Transgender athletes (and related stuff)

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mercalia
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Re: Transgender athletes (and related stuff)

Postby mercalia » 4 Sep 2020, 11:27am

LBC has started a debate today given that story of that American professor who self identified as black

https://www.dailymail.co.uk/news/article-8695559/George-Washington-University-professor-says-lied-black.html

( finaly the BBC gets there https://www.bbc.co.uk/news/world-us-canada-54008495)

The LBC guy (MAAJID NAWAZ) was maintaining that if you can self identify as a woman then you should be able to self indentify as black, both or neither, BUT what you CANT do is appropriate the growing up experiences of being black

NOW I think this provides the missing link in the argument that I have been maintaining that eg a TRANS-WOMAN isnt a WOMAN - that tempting syntactical inference ( a black cat is still a cat ) is a mistake. Since being a woman is just as much about the experience of growing up as a woman not just simply some thing biological but growing up experiences because of biology A trans-woman claiming to be a woman undermines this? The trouble with informal non-technical concepts like the man-woman distinction is that problems like the trans debate forces us to identify the crucial aspects which we may not in the first instance understand

So we have atleast 4 genders? Men, Women, Trans-Men, Trans-Women? just as men are not women, trans-men ( hyphenated) are not men; but just 2 sexes, Men and Women? so the terms have a dual use. Every one should be happy including Hogwarts.

(I just heard that Maajid has recently become an ambassador for Rowling to locate and identify unrepresented talent)

thelawnet
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Re: Transgender athletes (and related stuff)

Postby thelawnet » 4 Sep 2020, 10:41pm

mercalia wrote:The LBC guy (MAAJID NAWAZ) was maintaining that if you can self identify as a woman then you should be able to self indentify as black, both or neither, BUT what you CANT do is appropriate the growing up experiences of being black

NOW I think this provides the missing link in the argument that I have been maintaining that eg a TRANS-WOMAN isnt a WOMAN - that tempting syntactical inference ( a black cat is still a cat ) is a mistake. Since being a woman is just as much about the experience of growing up as a woman not just simply some thing biological but growing up experiences because of biology A trans-woman claiming to be a woman undermines this? The trouble with informal non-technical concepts like the man-woman distinction is that problems like the trans debate forces us to identify the crucial aspects which we may not in the first instance understand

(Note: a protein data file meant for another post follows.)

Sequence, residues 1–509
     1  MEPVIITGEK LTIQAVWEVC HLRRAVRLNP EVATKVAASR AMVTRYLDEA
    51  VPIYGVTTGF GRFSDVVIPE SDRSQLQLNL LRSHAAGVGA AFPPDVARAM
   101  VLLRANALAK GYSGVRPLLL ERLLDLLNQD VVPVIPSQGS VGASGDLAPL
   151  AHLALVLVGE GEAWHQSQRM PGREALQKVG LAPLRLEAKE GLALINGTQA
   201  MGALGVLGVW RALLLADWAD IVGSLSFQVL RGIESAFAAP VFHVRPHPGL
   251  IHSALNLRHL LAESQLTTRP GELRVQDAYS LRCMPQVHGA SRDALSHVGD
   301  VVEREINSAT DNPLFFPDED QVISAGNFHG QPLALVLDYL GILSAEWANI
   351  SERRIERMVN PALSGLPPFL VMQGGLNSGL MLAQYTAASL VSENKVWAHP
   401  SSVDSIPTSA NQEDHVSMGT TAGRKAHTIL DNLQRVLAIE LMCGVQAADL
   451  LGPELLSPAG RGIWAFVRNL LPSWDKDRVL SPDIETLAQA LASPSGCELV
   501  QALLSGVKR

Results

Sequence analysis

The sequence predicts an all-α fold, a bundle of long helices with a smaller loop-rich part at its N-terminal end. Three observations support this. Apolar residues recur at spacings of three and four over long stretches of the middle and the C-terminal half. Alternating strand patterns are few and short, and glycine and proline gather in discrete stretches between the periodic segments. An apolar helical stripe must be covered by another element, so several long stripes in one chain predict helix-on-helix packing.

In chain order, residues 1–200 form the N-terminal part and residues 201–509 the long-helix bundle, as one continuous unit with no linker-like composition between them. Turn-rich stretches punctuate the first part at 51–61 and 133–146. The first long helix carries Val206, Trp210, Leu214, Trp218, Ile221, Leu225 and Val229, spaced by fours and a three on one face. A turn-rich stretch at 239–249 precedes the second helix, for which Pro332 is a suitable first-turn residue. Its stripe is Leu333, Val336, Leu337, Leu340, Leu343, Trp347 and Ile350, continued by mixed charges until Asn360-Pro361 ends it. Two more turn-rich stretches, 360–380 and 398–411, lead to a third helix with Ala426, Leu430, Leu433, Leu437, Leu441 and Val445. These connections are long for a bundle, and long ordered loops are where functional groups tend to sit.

They've thought of this already and have some transgender metaphysics to solve it.

Basically the idea is they appropriate people's genetic disorders, so let's say you have someone who is born with ambiguous genitalia, and is raised as a girl. But it turns out they have internal testes, and go on to live as a man and father children with their own sperm.

This person one would argue was 'incorrectly assigned female at birth'. In other words they were never in any sense female, they were always male.

Now there is a bit of a problem with this argument because as we've discussed being female or male is before puberty in large part about nurture, although it does seem to be nature as well, as we know lots of differences between boys and girls before puberty. So a male child raised as female is in some sense female.

Anyway, if we ignore this last paragraph, we can see that some people who are in a very real sense male, were incorrectly judged (assigned) female at birth.

So the transgender version of this is to say 'actually we were never male, we were born female, but the silly doctor said we were male'. Hence the language used is 'a transgender woman is a woman who was assigned male at birth'.

There's a lot of assumption going on here, but the biggest one is that there was some error in that 'assignment', and that the current gender is more correct. In particular, people will claim that they 'always knew they were a girl', and there are parents claiming that their 3 or 4 year child is transgender, and seeking from a very early age to have them on a pathway towards medical and surgical transition.

The problem with all of this is that none of this is testable biologically. A psychologist can say 'yes, that child is upset when female toys such as dolls are taken away, and that means they are a transgender girl'. But that's not objective in the way we can test for covid-19 antibodies in blood, which are either there or they are not. It's all wishy-washy interpretation.